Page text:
- Eat a healthy diet and drink plenty of water. Incorporate vegetables, fruit, lean meat, eggs, milk and fish into your diet. Reduce your intake of caffeinated and carbonated beverages, refined sugar and processed foods. Drink lots of water to keep your body well hydrated to help increase the milk supply. Never smoke or drink while breastfeeding!
- Use both breasts at each feeding. Nurse your baby on the first breast for about 10-15 minutes to make sure that it is empty before switching to the second breast. Alternate between both breasts at each feeding to encourage equal stimulation.
- Treat breast engorgement. A few days after giving birth (2nd to 6th day) your breasts may become larger and heavier, producing bigger quantities of milk – this type of breast fullness is referred to as engorgement. To alleviate breast fullness, you should feed your baby more often, take warm showers or baths, apply warm compresses to your breasts and numb the pain with ice.
- Feed your baby breast milk only. Breastfeed babies for at least the first six months. Avoid giving babies other liquids such as water, sugar water or formula, as it reduces the vitamins from the breast milk.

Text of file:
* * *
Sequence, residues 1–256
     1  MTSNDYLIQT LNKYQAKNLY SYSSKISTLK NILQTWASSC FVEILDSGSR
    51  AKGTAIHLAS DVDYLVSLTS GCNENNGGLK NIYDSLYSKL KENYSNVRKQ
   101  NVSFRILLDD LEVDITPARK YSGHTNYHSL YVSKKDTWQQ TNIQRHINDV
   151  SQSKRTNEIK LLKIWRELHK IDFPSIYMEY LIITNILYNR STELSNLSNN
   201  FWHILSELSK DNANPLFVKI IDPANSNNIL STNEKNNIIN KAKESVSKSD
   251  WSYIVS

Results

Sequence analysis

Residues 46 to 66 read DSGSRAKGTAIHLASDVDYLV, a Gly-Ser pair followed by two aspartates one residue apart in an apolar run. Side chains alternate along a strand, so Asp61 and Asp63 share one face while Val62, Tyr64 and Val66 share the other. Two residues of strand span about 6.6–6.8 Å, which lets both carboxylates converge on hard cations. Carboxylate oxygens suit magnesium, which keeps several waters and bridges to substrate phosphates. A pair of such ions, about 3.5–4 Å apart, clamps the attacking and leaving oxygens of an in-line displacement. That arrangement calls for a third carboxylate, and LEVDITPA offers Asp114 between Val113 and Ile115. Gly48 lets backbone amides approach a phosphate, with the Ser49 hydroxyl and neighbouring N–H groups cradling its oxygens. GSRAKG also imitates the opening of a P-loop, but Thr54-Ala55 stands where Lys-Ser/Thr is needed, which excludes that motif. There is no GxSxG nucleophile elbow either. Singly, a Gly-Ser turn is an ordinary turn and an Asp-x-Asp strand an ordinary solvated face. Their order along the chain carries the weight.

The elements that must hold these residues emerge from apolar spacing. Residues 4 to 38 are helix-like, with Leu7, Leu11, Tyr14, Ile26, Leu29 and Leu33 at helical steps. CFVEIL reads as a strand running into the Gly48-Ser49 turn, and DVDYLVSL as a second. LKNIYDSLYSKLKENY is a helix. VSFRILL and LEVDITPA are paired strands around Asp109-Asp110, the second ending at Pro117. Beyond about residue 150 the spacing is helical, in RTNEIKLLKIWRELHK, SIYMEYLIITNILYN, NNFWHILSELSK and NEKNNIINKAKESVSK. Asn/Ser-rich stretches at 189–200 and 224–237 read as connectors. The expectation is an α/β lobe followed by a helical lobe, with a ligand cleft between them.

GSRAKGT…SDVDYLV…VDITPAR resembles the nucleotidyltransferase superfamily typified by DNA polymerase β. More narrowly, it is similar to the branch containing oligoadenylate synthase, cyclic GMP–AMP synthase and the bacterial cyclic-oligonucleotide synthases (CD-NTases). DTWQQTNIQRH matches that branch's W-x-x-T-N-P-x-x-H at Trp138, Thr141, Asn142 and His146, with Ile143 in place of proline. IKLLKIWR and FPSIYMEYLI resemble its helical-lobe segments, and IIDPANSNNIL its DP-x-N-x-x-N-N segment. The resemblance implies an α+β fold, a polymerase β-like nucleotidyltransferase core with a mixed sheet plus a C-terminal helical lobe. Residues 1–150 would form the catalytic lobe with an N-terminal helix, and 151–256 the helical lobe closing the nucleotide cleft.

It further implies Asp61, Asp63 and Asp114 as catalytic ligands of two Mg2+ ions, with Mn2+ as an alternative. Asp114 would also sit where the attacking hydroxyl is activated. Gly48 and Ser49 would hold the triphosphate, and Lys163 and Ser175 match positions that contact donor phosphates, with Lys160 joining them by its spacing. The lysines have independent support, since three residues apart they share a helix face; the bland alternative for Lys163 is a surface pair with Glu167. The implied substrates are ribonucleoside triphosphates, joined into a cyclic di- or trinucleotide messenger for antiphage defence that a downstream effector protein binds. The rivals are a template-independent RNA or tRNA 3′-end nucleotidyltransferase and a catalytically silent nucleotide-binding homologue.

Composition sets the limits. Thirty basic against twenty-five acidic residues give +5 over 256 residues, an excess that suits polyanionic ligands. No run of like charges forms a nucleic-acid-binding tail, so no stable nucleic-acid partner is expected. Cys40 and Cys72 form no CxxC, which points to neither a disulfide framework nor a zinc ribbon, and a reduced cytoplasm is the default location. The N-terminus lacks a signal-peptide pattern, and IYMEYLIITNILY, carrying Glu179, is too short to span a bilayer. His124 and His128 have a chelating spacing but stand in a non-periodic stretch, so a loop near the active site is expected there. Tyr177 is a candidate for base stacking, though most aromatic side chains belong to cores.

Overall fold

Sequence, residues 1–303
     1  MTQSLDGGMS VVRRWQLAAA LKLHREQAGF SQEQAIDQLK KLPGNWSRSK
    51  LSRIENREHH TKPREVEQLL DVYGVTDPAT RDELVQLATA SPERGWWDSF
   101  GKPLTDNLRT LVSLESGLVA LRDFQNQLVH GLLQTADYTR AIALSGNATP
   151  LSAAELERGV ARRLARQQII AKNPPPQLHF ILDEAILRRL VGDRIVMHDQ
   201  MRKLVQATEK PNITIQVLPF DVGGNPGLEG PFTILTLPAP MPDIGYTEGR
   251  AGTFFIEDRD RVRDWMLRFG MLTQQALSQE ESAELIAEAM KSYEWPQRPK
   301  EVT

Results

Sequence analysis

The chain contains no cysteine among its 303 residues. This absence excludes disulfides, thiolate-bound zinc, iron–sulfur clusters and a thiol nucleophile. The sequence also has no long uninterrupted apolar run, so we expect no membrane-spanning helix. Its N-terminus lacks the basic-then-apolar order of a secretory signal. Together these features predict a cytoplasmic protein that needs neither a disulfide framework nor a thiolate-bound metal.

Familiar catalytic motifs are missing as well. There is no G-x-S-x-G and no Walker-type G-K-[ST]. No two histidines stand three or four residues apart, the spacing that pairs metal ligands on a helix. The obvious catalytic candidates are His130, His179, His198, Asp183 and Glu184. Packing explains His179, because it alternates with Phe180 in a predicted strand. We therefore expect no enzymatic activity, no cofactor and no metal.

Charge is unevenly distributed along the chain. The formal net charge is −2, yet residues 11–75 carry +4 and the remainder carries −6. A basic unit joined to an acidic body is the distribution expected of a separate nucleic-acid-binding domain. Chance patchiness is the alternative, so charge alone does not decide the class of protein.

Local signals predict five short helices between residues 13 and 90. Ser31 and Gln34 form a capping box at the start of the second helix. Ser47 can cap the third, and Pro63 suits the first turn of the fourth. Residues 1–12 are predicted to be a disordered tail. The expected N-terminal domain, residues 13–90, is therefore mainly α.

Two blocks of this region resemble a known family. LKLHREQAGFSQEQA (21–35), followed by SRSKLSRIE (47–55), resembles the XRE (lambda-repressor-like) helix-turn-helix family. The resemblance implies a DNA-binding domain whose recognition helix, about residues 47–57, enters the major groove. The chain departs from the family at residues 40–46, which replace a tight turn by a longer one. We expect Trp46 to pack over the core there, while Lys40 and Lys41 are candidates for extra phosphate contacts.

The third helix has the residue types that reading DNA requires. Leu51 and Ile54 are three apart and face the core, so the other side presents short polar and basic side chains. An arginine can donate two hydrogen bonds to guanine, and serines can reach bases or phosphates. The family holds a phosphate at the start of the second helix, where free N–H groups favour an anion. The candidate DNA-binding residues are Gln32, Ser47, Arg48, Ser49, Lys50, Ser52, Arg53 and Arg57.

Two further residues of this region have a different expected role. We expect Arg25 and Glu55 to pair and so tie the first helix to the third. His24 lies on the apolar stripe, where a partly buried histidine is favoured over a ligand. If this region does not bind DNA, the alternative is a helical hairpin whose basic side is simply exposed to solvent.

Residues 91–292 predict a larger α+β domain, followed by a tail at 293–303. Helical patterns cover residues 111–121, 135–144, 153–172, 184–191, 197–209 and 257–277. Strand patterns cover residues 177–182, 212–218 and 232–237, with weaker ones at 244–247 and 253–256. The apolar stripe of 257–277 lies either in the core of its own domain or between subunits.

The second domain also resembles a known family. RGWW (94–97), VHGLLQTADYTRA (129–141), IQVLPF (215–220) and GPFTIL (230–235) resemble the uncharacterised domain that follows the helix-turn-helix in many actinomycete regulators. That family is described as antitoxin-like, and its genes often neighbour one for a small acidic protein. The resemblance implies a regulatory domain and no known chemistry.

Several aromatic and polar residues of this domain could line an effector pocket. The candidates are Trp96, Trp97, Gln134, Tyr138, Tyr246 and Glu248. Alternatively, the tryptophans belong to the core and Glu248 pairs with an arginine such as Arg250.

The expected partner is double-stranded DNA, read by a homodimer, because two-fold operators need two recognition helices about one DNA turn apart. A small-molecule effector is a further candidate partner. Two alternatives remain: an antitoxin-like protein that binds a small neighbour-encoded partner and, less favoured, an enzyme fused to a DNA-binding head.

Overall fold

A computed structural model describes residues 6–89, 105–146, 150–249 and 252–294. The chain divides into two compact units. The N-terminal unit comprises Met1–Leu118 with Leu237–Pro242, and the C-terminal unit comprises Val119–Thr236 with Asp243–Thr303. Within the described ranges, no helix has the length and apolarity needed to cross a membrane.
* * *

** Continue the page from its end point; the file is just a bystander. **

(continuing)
- Air-dry your nipples. If you develop sore or cracked nipples, you can express breast milk and apply it to the nipples, then air-dry them. Breast milk acts as a natural moisturizer.
- Delay bottle nipples and pacifiers. Babies should be given a chance to learn how to breastfeed and develop a good sucking pattern before being given a pacifier or bottle. When babies are first learning to breastfeed, and bottle nipples are suddenly given to them, this can cause confusion.
- Check for breast infection. Consult a doctor immediately of you notice signs of irritation, fever, redness and painful lumps in your breasts.
- Breastfeed baby during and after sickness. When babies are ill, continue to breastfeed them even of they refuse to eat. Breastmilk contains all the vital nutrients babies need.
- Avoid using soap, alcohol or antiseptic pads on nipples. These products cause excessive dryness and itching instead simply wash with clear water or use all-natural products.